d6Lite v .1
Creative Commons License

d6Lite by Frank Wilcox, Jr (fewilcox) is licensed under a Creative Commons Attribution 4.0 International License.

<I’m not at all in love with this title so suggestions are more than welcome. The only part I do kind of like is that it looks like “delite”. I also considered Xd6 Lite, and even just Xd6 System, but those are both so boring.>

What is a Roleplaying Game?

If you don’t know the answer to that question, or you don’t know what “PC”, “GM”, or “d6” mean, go check out the “What is a Roleplaying Game?” page on my website before proceeding.

Core Mechanic

To make a roll, decide which skill is appropriate, then roll a number of d6 equal to its rank while your opponent or the GM does the same (even inanimate objects have ranks which are rolled by the GM, like a really stout door with “steel and oak 3”). Compare your highest die to your opponent’s; highest wins. If they are the same, then compare the next highest; and so on. If one player has no more dice to match, but the other does, then the player with dice remaining wins.

Sometimes you will be asked to make a Default Roll. In that case you simply roll 1d6 and hope for the best.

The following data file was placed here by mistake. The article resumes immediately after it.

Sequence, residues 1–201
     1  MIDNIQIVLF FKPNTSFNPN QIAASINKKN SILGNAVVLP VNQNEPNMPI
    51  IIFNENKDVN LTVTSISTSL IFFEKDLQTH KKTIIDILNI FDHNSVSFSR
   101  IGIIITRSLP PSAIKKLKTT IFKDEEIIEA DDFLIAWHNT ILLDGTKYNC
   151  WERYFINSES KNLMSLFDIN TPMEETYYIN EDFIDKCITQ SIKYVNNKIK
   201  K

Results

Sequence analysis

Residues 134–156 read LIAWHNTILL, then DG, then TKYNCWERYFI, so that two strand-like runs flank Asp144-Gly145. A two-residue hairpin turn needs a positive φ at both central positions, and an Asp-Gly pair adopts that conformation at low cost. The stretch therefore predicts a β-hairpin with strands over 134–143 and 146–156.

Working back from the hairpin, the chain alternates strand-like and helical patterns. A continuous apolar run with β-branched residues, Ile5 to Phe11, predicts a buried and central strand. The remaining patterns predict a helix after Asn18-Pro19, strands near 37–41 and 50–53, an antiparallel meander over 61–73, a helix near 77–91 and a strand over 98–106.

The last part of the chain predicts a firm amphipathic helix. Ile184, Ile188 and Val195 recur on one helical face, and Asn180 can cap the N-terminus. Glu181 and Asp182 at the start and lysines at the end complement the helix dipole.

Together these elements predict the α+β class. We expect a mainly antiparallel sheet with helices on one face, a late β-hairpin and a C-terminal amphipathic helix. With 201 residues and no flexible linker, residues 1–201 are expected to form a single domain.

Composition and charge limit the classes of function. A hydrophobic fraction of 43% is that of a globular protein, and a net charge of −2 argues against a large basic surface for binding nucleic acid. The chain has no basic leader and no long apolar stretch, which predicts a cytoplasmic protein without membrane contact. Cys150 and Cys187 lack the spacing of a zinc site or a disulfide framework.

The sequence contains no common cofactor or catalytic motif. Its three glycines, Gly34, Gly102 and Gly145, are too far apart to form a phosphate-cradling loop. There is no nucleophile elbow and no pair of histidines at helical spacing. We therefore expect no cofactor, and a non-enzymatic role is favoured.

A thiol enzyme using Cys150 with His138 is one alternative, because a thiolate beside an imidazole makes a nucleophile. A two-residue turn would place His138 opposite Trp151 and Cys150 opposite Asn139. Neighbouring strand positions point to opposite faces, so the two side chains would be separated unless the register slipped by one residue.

Conditions: Sometimes a character may have a particular advantage or disadvantage due to the environment or other external factors. For instance, if you’re trying to sneak past a guard, waiting until nightfall, sticking to particularly deep shadows, and hiding behind trees can all greatly aid you. In such cases the GM may award you an extra die.

On the other hand, if you are trying to fix a flat tire before the villain crosses the state line but your tire iron is missing, the GM will take away a die (or maybe more depending on what you have on hand to replace the missing tool). Note that your first penalty die makes the total -2d6, not 0d6.

Naturally, bonus dice and penalty dice cancel each other out. If the final total is negative, you must roll the specified number of dice and keep the lowest result among them.

Skills

Players create whatever skills are appropriate for their characters using Character Points according to the following table:

Rank CP Total CP
 2   1     1
 3   1     2
 4   2     4
 5   3     7
 6   4     11
And so on.

For instance, if your character had “Apprentice Ranger 3”, it would cost 2 CP (1 for rank 2, and 1 more for rank 3). Later raising it to rank 4 would cost 2 more CP, for a total of 4 points invested in the skill.

If you don’t specifically buy a skill, but your character would logically have at least basic knowledge of that skill, your GM may let you attempt a Default Roll.

Your GM will tell you how many CP you can spend according to the game’s power level. For normal humans, you get 6 CP. Starting skills can not exceed rank 3.

You should choose skills that suit your character. They can be as focused as “Master of the Longbow” or broad as “Fight!”. Your GM will determine how focused your skills need to be. Here are a few ideas to get you started: “Ladies’ Man”, “Swordmage”, “Wild West Show Trick Shooter”, “Master Chef”, “Grizzled Retired Army Sergeant”, “Knight of the Round Table”.